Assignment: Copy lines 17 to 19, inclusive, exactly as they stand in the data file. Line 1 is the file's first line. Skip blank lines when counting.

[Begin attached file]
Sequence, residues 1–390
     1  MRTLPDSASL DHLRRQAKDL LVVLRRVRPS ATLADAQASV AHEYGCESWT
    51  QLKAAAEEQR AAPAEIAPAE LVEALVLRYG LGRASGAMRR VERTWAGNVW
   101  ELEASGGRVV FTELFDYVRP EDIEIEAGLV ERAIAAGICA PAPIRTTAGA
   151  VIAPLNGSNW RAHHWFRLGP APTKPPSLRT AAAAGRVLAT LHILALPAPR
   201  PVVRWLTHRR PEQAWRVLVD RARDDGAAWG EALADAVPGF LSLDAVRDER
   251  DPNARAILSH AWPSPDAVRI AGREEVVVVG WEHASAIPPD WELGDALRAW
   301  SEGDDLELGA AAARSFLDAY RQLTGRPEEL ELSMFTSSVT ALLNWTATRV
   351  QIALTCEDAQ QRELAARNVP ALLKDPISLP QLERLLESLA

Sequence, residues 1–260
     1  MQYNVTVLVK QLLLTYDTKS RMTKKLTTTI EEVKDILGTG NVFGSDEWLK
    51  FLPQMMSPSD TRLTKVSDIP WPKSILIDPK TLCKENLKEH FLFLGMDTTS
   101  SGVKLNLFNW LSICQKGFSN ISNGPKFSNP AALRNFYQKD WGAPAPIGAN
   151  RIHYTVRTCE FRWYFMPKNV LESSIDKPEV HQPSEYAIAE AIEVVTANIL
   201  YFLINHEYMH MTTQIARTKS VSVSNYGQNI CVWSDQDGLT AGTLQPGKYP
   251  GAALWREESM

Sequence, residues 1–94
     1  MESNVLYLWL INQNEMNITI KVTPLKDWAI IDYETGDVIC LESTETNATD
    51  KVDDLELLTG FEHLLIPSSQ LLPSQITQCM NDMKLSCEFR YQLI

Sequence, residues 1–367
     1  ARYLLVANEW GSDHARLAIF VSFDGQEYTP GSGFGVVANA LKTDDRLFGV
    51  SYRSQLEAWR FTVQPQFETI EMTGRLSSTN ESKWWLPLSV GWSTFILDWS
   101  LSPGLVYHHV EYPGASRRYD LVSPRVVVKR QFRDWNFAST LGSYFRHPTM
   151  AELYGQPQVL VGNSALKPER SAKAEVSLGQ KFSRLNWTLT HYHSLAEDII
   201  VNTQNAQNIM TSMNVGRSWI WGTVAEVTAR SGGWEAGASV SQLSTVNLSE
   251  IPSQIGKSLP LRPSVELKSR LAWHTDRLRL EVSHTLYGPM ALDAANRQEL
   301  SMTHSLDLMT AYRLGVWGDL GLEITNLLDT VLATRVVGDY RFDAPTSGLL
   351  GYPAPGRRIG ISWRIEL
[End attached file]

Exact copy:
Sequence, residues 1–94
     1  MESNVLYLWL INQNEMNITI KVTPLKDWAI IDYETGDVIC LESTETNATD
    51  KVDDLELLTG FEHLLIPSSQ LLPSQITQCM NDMKLSCEFR YQLI